On a cold winter day, during one of my early visits to Dr. Harvey, we drovearound Princeton, making the obligatory pilgrimage to 112 Mercer Street, thehouse where Einstein spent the last twenty years of his life. We sat for awhilewith the car running, warm air pouring from the heater, gazing at a modestwood-frame colonial with black shutters on a pleasant block of like houses.More than anything, Einstein said he loved the old place for the light thatfilled the upstairs rooms and for the gardens out back. He kept pictures ofMichaelangelo and Schopenhauer hanging in his study, because, as he said, bothmen had escaped an everyday life of raw monotony and taken "refuge in a worldcrowded with images of our own creation."
Sitting in the car, Thomas Harvey recalled hoew the Einstein family gatheredhere after the scientist's death, how his son, Hans Albert, and Einstein'slongtime assistant, Helen Dukas, and Einstein's executor, Otto Nathan, as wellas a small group of intimates, drove to a secret spot along the Delaware andscattered the ashes that remained of Albert Einstein's body, And that was it.
Not surprsingly, however, controversy immediately enshrouded the removal ofEinstein's brain. Word was leaked by Harvey's former teacher Dr. Zimmerman thatHarvey had Einstein's brain, and that he, Zimmerman, was expecting to receive itfrom his student. When this was reported in The New York Times a dayafter Einstein's death, Hans Albert, who knew nothing of his father's brainhaving been removed, was flabbergasted. Otto Nathan expressed regret and shock,and later implied that Harvey was a bald-faced thief. But, according to Harvey,Nathan, who died in 1984, stood by the door of the morgue, watching the entireautopsy. (Nathan would later claim he didn't know what Harvey was up to.)
Meanwhile, Harvey announced in a press conference that he was planning toconduct medical research on the brain. He says he spoke to Hans Albert over thephone, assuring him the brain would be studied for its scientific value, whichwould then be reported in a medical journal, thus allaying one of the deepestfears of the Einstein family: that the brain would becom a pop-cultural gewgaw."My one regret is that I didn't come to Mercer Street and talk to Hans Albert inperson," Harvey told me that day. "You know, clear things up before it got outof hand."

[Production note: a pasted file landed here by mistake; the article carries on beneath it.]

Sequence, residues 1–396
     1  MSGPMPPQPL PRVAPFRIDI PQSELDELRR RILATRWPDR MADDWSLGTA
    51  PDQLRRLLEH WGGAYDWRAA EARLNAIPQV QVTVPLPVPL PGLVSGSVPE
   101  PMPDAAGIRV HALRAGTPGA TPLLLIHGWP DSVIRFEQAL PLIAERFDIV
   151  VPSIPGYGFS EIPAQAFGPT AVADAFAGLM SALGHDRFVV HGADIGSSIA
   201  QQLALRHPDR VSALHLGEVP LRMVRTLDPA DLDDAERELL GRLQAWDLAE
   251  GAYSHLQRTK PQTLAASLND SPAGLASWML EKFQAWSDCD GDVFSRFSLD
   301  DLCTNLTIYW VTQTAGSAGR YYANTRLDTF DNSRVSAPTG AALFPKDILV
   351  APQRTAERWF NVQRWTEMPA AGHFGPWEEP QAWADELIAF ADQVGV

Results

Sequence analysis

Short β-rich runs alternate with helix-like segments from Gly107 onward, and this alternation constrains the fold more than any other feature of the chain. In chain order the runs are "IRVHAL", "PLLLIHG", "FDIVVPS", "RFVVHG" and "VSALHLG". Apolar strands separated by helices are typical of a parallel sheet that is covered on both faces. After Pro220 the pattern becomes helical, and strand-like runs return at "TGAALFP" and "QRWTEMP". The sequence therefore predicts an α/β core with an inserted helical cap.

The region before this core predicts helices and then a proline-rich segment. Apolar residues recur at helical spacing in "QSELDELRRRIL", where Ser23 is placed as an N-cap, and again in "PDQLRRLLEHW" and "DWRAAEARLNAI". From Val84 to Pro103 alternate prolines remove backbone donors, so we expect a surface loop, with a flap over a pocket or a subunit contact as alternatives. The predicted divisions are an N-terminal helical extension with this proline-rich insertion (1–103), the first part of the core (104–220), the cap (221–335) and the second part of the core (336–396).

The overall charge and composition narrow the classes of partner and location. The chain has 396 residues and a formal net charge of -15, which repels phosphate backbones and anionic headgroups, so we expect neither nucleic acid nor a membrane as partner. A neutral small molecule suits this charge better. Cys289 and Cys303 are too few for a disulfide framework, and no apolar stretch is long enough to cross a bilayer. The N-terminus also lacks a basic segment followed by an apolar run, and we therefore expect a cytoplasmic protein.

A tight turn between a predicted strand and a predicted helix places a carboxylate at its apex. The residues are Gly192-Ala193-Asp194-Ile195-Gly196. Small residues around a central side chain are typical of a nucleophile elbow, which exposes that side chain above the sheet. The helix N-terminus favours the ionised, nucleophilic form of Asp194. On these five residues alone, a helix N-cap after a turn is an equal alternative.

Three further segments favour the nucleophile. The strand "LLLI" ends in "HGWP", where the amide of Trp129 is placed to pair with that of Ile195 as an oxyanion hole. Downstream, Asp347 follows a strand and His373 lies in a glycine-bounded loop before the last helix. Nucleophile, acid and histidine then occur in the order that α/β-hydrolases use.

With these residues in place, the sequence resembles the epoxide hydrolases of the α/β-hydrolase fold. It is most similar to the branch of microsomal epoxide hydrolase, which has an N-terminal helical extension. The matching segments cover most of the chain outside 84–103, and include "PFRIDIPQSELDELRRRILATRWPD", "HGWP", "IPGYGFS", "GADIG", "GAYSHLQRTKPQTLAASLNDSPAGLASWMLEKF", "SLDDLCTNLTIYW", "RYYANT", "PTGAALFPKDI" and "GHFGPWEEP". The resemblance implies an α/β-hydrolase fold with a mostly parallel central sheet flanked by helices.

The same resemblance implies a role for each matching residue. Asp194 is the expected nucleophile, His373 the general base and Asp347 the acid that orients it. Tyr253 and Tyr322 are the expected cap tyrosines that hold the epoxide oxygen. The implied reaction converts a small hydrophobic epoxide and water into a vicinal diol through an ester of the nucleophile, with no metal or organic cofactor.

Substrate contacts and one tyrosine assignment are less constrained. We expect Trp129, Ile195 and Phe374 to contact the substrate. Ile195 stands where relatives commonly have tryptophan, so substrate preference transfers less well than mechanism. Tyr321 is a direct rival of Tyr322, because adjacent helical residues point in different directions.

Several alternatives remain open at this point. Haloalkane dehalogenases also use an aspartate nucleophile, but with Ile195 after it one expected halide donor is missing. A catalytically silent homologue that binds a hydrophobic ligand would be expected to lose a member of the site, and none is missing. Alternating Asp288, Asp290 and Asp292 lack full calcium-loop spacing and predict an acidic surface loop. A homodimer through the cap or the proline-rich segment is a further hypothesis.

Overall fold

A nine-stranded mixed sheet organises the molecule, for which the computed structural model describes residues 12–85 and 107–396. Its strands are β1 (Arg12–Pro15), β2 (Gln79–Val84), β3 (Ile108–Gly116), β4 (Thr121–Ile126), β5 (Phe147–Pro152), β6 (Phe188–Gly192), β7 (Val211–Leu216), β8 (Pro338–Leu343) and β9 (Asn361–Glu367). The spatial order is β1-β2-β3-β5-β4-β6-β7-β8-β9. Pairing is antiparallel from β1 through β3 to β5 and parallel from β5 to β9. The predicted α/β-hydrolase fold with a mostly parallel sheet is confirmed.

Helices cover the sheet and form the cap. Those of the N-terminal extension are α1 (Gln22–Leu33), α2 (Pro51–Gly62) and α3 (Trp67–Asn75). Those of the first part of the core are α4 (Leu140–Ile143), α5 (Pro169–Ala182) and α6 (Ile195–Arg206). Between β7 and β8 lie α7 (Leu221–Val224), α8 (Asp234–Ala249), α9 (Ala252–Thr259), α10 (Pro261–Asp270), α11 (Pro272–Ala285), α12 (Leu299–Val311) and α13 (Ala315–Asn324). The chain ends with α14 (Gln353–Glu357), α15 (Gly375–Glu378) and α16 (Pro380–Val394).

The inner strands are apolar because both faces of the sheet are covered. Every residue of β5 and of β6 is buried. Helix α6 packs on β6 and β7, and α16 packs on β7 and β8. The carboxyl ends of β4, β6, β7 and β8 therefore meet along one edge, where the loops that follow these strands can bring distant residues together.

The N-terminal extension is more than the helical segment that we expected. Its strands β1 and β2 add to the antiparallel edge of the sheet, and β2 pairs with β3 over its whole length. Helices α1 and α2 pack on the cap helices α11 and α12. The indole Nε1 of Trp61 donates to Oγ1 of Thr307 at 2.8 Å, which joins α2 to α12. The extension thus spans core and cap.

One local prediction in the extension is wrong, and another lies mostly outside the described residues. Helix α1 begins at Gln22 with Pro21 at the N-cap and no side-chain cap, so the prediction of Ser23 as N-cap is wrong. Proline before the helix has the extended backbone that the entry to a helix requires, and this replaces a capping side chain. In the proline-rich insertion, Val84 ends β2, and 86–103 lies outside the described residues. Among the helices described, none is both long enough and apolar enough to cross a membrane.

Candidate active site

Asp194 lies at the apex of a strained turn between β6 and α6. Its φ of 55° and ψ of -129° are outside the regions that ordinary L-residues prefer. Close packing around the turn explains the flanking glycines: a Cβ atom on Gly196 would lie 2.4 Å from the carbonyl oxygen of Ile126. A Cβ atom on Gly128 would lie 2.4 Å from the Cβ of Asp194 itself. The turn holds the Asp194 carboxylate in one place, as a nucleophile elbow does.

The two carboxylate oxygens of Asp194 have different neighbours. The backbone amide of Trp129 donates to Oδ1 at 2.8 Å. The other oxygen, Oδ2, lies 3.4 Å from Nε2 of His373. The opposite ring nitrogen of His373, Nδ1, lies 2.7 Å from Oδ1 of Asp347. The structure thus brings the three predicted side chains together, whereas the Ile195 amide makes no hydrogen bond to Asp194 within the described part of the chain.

But things were already out of hand. Zimmerman, then on staff at New York'sMontefiore Medical Center, prepared for the delivery of Einstein's brain, but itnever arrived. Increasingly flummoxed, then angry and embarrassed, Zimmermanfound out that Princeton Hospital, under the direction of a man named JohnKauffman, had decided not to relinquish it. "Hospitals Tiff over Brain ofEinstein," read one 1955 headline, and went on to describe how the brainremained at "the center of a jurisdictional dispute," with Princeton Hospitalstanding its ground, like an old-time gunfighter, claiming "the brain wouldn'tbe taken out of town."
But then, a few years after the autopsy, Harvey was fired from his job forallegedly refusing to give up Einstein's brain to Kauffman. In fact, Harvey hadkept the brain himself, not at the hospital, but at home, and when he leftPrinceton he simply took it with him. Years passed. There were no studies orfindings. And, in turn, no legal action was brought against Harvey, as therewas no precedence in the courts for the recovery of a brain under suchcircumstances. And then Harvey fell off the radar screen. When he gave anoccasional interviewin local newspaper articles from 1956 and 1979 and1988he always repeated that he was about "a year from finishing study on thespecimen."
Four decades later, there's still no study. And because somewhere in his wateryblue eyes, his genial stumble-footing, and that ineffable cloak of hunchedintegrity that falls over the old, I find myself feeling for him and can't bringmyself to ask the essential questions: Is he a grave-robbing thief or arenegade? A sham or a shaman?
Copyright © 2000 Michael Paterniti. All rights reserved.